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From the

LoNDON GAZETTE of APRIL 2,
1858. -

India Board, March 31, 1858.

THE following papers have been received at the East India House:

No. 1.

GENERAL ORDERS BY THE GOVERNOR-
GENERAL OF INDIA IN COUNCIL.

Fort William, January 12, 1858.
No. 55 of 1858.

THE Right Honourable the Governor-General of India in Council has much satisfaction in publishing the following report of a successful attack, made by the troops under Colonel Rowcroft, on a body of marauding rebels in the neighbourhood of his camp, on the 26th of December last.

To Colonel Rowcroft, to Captain Sotheby, R.N., commanding the Naval Brigade, and to the officers and men under his command ; to the detachment of Royal Marines under Lieutenant Pym, and that of the Bengal Police Battalion under Lieutenant Burlton; as well as to the officers, civil and military, honourably mentioned by Colonel Rowcroft, the GovernorGeneral in Council desires to offer his thanks for their services on this occasion.

The Governor-General in Council has much satisfaction in acknowledging the good services rendered upon this occasion by the Nepaulese troops, acting under Colonel Rowcroft's command. To the officers and soldiers of that force generally, but especially to Major Captain Sree Bhuggut Khanka, commanding the Ramdull Regiment, to Captain Dercedass Opudiah, of the same corps, and to Captain Koolpurshad Singh Bushnial, commanding the Gorucknath Regiment, his Lordship in Council desires to tender the thanks of Government, for the great zeal and gallantry which they have displayed.

No. 2.

Colonel H. Rowcroft, Commanding Sarun Field Force, to Colonel R. J. H. Birch, C.B., Secretary to the Government of India, Military Department, Calcutta.

Camp, Mujhowlee, on the River Chota Gundah, 25 miles West of Sewan,

SIR, 28th December, 1857. I HAVE the honour to report, for the information of the Right Honourable the Governor-General, that the Field Force, under my command received a reinforcement of the Gorucknath Regiment of Goorkhas—500 strong—on the morning of the 25th December, sent on to join me by forced marches from Segowlee, by his Excellency Maharajah Jung Bahadoor and Mr. Samuells, the Commissioner. It was represented to me strongly that they were too fatigued, foot-sore, and hungry to march again that day, and that they had been without sleep for two nights. I therefore postponed for the day, though reluctantly, my arrangements to move and attack the rebels at Sohunpore –7 miles distant, and about midway between my entrenched camp at Myrwa and Mujhowlee. About half-past seven on the morning of the 26th

December, I marched from camp with the force noted in the margin," leaving two companies— 100 men—of Goorkhas, and 50 matchlock-men of the Hutwa Rajah's, for the protection of the camp : and of these, half a company and twenty matchlock-men to watch and secure the narrow Causeway Bridge over the river Jurhaee, less than half a mile in front of my camp. It was reported to me that the rebels were posted in the village of Sohunpore, and in two or three large topes (woods) close to it, on either side of the Mujhowlee road, with a tank with high banks close in front of the village on the north, in which most of the sepoys, and three of theirs four guns were posted. On arriving within little more than half a mile of the position of the rebels, I formed line, and took ground to the right, to turn their left flank, and act more easily on the tank. During this movement, the enemy pushed forward numerous skirmishers into the topes and cultivation, and opened fire of guns and musketry on our line. Our skirmishers, consisting of the Marines, part of the Naval Brigade and Seikhs, soon returned their fire, doing much execution among the enemy, especially the marines with the Minié rifles. We also opened fire with our guns, and a few shells well thrown, in two or three directions, checked the rebels for a time. I advanced the line a short distance, when the main body of the enemy rapidly moved to their right, to join a force previously in position, I strongly suspect, on our left, their aim apparently being to surround us with their numbers. I changed our front immediately to our left. During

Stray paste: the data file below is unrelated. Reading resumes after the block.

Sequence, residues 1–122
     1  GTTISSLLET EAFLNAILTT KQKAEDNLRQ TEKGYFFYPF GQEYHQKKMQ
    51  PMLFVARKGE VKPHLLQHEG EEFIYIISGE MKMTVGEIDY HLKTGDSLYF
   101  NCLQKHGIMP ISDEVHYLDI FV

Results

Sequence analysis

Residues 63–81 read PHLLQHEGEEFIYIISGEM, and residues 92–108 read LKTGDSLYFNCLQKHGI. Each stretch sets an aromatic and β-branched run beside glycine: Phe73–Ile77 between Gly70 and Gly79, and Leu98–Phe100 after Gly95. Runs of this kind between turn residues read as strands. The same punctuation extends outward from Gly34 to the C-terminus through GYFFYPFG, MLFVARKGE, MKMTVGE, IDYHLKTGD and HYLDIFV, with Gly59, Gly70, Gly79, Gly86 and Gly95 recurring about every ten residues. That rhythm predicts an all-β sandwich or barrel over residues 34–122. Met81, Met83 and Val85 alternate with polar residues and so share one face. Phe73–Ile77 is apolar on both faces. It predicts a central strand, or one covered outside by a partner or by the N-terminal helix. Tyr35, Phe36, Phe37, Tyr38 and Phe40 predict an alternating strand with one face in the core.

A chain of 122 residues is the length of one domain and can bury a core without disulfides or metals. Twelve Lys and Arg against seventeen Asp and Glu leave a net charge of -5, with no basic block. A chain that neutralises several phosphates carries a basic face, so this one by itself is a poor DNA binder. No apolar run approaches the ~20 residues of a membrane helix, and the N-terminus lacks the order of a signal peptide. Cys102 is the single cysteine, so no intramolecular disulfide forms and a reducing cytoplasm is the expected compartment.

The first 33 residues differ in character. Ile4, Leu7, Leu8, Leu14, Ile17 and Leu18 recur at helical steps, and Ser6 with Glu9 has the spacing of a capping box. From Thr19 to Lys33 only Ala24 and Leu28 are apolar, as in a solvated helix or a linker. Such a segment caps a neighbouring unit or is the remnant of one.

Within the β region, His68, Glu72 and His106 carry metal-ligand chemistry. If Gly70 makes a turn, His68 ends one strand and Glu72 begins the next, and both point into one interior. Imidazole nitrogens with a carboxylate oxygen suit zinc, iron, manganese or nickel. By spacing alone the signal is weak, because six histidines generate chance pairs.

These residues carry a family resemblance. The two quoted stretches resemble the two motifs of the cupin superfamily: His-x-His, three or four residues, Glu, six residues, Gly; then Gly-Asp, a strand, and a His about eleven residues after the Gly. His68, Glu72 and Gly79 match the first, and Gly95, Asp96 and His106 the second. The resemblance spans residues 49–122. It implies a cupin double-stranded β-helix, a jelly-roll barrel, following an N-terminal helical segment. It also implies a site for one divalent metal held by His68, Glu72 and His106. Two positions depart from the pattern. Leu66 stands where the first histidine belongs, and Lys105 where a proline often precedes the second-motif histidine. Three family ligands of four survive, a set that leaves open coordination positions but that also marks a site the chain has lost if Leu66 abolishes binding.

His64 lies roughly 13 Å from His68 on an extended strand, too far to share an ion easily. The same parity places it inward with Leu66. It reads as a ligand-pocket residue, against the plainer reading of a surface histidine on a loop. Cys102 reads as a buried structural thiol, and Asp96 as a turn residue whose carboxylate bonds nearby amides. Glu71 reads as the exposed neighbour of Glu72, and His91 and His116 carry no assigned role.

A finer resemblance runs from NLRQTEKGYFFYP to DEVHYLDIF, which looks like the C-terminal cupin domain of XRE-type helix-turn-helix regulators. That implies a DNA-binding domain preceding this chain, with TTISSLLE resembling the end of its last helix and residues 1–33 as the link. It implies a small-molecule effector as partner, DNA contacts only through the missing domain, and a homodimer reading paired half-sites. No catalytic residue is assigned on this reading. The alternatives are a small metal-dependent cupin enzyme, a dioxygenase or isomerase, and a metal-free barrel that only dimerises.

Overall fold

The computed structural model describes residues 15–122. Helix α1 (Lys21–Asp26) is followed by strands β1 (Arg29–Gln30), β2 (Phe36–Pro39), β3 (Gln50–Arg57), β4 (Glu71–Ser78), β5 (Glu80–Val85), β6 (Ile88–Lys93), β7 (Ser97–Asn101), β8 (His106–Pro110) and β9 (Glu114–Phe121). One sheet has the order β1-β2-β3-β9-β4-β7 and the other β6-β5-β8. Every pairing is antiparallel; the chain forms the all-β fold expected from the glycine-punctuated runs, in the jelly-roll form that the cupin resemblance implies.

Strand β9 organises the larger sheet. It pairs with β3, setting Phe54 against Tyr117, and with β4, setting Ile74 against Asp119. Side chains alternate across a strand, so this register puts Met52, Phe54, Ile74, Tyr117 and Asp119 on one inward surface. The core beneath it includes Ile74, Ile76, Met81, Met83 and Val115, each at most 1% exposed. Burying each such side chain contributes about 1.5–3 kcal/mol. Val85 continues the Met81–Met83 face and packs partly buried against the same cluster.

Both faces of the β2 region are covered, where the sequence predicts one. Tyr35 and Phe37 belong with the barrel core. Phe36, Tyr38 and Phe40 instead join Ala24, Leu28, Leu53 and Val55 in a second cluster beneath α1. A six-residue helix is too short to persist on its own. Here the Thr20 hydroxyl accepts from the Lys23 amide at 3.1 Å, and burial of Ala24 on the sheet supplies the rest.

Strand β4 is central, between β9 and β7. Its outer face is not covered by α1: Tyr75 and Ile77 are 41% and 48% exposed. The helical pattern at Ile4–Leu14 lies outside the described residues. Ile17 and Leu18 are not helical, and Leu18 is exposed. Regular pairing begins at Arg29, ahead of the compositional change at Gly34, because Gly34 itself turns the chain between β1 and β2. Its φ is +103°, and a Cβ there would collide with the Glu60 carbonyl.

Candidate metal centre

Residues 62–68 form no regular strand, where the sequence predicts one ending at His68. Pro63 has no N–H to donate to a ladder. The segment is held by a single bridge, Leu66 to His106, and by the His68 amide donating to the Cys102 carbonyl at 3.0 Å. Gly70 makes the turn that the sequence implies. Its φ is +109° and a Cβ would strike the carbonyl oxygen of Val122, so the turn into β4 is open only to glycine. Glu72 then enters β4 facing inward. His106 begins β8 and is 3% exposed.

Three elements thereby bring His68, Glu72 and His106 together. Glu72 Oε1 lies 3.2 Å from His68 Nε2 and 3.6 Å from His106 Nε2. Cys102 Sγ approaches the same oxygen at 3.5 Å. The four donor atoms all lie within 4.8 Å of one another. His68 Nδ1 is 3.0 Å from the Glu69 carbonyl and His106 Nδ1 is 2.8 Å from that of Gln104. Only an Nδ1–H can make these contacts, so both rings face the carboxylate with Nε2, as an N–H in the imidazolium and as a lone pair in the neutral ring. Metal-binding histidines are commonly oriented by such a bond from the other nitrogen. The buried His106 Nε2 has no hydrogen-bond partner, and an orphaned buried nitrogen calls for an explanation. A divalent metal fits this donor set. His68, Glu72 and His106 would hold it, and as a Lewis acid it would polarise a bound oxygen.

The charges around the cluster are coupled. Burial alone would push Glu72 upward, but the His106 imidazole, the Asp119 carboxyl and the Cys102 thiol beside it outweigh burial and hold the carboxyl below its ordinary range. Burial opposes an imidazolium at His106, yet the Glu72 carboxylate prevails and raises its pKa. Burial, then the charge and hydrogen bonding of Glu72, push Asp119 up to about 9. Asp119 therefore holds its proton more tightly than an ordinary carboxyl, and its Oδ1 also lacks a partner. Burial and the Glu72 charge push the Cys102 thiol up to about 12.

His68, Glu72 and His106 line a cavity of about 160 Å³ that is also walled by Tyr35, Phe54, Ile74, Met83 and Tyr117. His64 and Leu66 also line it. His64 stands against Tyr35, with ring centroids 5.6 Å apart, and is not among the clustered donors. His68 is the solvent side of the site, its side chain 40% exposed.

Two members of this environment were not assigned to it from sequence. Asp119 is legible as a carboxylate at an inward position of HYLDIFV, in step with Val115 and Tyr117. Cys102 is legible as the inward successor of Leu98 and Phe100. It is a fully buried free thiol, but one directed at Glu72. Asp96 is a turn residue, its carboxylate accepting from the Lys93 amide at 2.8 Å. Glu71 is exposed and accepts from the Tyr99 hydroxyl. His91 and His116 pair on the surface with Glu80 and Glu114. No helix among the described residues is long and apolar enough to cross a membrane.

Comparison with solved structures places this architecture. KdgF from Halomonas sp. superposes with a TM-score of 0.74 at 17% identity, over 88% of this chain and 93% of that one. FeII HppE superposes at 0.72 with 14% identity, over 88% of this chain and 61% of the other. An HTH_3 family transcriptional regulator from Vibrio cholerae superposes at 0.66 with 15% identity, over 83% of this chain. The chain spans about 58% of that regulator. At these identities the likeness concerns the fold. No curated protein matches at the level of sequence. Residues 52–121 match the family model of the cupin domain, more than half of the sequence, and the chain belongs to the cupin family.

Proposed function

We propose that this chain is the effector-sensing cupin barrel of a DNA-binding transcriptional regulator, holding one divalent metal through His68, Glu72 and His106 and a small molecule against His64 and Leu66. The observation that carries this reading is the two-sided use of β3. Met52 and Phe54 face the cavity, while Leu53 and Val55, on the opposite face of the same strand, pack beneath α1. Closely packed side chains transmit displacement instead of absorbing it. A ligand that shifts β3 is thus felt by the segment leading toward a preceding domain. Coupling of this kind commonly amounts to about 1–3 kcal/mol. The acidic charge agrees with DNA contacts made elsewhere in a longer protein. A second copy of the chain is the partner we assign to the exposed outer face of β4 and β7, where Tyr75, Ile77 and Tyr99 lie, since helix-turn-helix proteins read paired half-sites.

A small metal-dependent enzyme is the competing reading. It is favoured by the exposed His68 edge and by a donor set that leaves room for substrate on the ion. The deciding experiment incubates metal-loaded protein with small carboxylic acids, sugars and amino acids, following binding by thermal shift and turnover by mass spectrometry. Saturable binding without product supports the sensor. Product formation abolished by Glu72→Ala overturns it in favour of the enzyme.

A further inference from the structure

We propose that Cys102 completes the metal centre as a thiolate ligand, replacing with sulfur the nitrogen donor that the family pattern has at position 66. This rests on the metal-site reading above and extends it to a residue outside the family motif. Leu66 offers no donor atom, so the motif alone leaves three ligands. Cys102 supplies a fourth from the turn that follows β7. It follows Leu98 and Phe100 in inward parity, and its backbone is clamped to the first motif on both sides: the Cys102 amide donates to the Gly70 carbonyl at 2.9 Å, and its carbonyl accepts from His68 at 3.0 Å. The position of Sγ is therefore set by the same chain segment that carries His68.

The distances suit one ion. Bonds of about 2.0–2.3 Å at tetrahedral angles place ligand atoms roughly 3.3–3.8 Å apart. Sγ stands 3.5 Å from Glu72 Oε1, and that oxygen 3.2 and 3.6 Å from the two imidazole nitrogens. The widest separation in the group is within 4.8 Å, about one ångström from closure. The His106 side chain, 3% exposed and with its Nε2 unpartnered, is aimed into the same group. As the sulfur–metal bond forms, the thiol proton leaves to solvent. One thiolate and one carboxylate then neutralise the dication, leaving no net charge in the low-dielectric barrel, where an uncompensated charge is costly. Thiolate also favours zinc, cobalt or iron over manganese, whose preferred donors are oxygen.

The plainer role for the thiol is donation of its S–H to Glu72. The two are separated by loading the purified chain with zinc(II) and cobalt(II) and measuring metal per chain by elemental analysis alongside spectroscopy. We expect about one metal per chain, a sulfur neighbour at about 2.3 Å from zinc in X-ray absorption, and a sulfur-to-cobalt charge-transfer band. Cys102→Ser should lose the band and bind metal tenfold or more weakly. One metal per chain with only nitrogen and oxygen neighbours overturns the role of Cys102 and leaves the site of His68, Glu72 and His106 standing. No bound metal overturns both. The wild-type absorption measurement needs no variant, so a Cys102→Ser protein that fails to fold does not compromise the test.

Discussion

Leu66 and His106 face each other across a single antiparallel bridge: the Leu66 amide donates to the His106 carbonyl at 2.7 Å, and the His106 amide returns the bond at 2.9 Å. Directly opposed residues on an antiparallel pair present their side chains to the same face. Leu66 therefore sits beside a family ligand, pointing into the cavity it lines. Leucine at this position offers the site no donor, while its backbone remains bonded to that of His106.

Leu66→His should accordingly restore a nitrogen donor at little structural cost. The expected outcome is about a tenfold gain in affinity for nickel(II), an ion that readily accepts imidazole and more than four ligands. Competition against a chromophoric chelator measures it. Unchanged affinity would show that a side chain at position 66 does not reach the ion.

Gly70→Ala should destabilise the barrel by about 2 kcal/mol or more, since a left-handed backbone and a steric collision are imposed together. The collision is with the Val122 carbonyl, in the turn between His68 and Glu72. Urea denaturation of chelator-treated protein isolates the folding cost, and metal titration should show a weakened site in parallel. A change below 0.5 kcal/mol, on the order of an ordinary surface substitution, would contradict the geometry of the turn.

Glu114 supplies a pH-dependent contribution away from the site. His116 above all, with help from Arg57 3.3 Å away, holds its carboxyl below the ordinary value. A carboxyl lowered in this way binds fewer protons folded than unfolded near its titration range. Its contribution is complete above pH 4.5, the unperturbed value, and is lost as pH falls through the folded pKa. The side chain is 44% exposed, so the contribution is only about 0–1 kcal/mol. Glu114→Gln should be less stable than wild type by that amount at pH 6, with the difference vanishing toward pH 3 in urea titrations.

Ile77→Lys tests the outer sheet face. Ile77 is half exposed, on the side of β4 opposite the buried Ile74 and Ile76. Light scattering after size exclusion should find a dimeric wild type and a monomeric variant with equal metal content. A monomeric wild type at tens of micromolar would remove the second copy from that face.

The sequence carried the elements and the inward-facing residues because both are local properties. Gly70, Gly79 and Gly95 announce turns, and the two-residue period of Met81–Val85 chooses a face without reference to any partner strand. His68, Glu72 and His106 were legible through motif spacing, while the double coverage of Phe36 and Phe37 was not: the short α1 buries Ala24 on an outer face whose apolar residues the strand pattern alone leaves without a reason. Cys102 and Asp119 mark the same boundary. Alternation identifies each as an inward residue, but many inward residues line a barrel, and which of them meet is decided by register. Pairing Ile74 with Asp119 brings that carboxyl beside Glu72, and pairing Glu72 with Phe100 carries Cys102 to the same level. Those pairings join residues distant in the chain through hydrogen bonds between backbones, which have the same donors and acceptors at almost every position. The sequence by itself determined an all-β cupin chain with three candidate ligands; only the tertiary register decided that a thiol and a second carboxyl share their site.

* Royal Marines, 30; Naval Brigade, 130; Ramdull Goorkha Regiment, 500; Gorucknath Ditto, 350—one company of this regiment being at Sewan, and two in camp; four guns, 12-pounder howitzers, two being Mountain Train; Captain Rattray's Seikhs, 50.

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